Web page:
Rise Above dropped one of my favorite records this year in the totally unexpected prog masterpiece that is Astra's The Weirding. I'm hoping they go two-fer-two here... So let's see...
But before the review, a seemingly random question: do you like Hawkwind?
I ask if you do because it’s clear that Litmus does.
In regards to your own opinion of Hawkwind, the proper answer to the above question should be, "Sometimes." Not to digress too far from my subject matter, but that somewhat-legendary band's catalog is wickedly convoluted, cluttered with an insurmountable glut of live albums, re-packagings, compilations and whatever the hell else they felt like releasing. But in their day, which was in about 1973, Hawkwind was a great band, one of the defining pinnacles of space rock. Warrior On The Edge Of Time is a damn fine record, as is the ridiculously titled Hall Of The Mountain Grill. And hell, Lemmy was in Hawkwind, so that's pretty rad, right?
But Litmus, man! Litmus! What about Litmus!?!
They sound like Hawkwind. They sound a lot like Hawkwind, but they don’t sound exactly like Hawkwind. Litmus is modernized, beefier, bigger, a touch more metallic and a bit less 1970's. They leave behind the worst bits of Hawkwind-ian excess—thankfully, there are no spoken word alleged-poems, and they’re smart enough to reign in some of Hawkwind’s more noodly tendencies. Even if they’re more metallic than Hawkwind, Litmus’ claims to metal-ness are still tenuous (assuming they’re making any)—they possess more energy than most space rockers, but at their most energetic, they’re still just a kinetic rock band. All categorical hair-splitting aside, Litmus’ pulsating space rock is most enjoyable, borrowed perhaps but rocking nonetheless, and should be of interest to discerning metal-heads with a liking for similarly 70's-sounding acts like Astra, Witchcraft and such.
Aurora is reportedly more streamlined and less spacey than previous Litmus efforts, but it’s my first experience with the band, so I cannot confirm that. As mentioned now twelve times previously, the Hawkwind influence is prevalent, predominant, pre-eminent, pretty much the defining characteristic. (Before I take the Hawkwind comparison too much farther, let me mention that the band is aware of their nature—they have appeared on a Hawkwind tribute record, and they have performed at Hawkwind-themed festivals.) These tunes all feature psychedelic vocal melodies, sung entirely in two-part harmony by some combination of Fiddler, Marek and Martin. (All three are credited with vocals.) The drums are pulsating, pounding simple hypnotic krautrock-ian rhythms throughout, driving the tracks into a fast-paced groove that makes them simultaneously uptempo and yet still ethereal. The guitar and bass interplay is perfect—the guitar riffs are simple and searing, wholly effective, and the bass work is melodic and at times as much a lead instrument as the guitars. On the band’s Myspace, keyboardist Anton is credited with "swooshes, bleeps and twiddly noises," which sums up his musical contributions more concisely than I ever could. Lyrically, Litmus favors repetition, with vocals some songs consisting entirely of a few phrases replayed perpetually. (Case in point: "Ma:55oN Rift," which repeats one short phrase endlessly, or "Kings Of Infinite Space," which declares repeatedly that the band will be kings of infinite space.)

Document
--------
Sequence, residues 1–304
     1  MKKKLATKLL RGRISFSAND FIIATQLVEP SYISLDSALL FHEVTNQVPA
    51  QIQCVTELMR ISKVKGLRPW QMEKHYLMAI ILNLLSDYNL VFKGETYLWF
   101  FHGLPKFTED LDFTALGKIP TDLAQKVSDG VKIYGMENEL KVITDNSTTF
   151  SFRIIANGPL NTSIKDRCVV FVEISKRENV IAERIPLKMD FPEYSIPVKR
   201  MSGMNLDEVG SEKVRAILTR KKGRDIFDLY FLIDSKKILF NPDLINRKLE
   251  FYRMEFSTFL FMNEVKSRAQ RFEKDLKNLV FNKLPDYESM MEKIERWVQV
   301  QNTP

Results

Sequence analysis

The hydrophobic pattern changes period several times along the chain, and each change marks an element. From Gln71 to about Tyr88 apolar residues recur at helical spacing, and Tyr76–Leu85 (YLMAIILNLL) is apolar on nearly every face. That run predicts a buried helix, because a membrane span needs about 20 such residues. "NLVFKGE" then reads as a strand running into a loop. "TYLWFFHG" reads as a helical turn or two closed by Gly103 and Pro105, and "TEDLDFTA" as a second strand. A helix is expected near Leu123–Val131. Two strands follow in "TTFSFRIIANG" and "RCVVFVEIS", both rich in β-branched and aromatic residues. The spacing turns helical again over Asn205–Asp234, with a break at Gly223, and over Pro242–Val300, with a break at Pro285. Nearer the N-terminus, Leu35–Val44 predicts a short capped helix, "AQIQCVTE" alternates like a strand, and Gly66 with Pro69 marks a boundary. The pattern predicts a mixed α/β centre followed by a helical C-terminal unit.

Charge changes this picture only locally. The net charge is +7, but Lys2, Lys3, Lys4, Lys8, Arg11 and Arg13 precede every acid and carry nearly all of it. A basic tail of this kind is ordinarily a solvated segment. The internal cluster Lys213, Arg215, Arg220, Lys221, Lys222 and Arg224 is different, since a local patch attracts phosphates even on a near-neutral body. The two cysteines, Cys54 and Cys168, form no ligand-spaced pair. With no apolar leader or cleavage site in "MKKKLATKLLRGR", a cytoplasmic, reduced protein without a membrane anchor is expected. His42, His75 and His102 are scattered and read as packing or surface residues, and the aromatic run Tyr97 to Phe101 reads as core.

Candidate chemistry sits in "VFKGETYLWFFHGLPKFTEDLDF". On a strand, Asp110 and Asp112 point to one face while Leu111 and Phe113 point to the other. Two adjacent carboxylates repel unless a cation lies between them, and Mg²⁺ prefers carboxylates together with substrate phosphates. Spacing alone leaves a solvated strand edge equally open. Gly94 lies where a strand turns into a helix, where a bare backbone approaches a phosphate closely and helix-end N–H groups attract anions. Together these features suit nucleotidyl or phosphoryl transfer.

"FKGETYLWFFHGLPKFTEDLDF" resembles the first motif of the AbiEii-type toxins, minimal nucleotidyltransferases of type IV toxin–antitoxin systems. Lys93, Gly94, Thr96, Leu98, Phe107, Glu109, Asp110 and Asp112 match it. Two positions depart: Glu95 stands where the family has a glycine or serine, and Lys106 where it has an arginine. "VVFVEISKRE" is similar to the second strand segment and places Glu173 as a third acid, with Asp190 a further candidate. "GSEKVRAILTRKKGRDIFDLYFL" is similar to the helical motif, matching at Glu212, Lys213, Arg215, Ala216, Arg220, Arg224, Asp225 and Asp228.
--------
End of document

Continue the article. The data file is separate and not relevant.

There’s really not a bad track on this one, although it’s a bit of a one-trick pony. I will admit that I prefer Astra’s genre-study exercise to Litmus’ band-specific homage, solely because I tend to like prog itself a bit better than I like Hawkwind. Regardless, for fans of space rock, Aurora is a must-have, and for those looking for a fun little trip through dreamy sci-fi rock, look no further.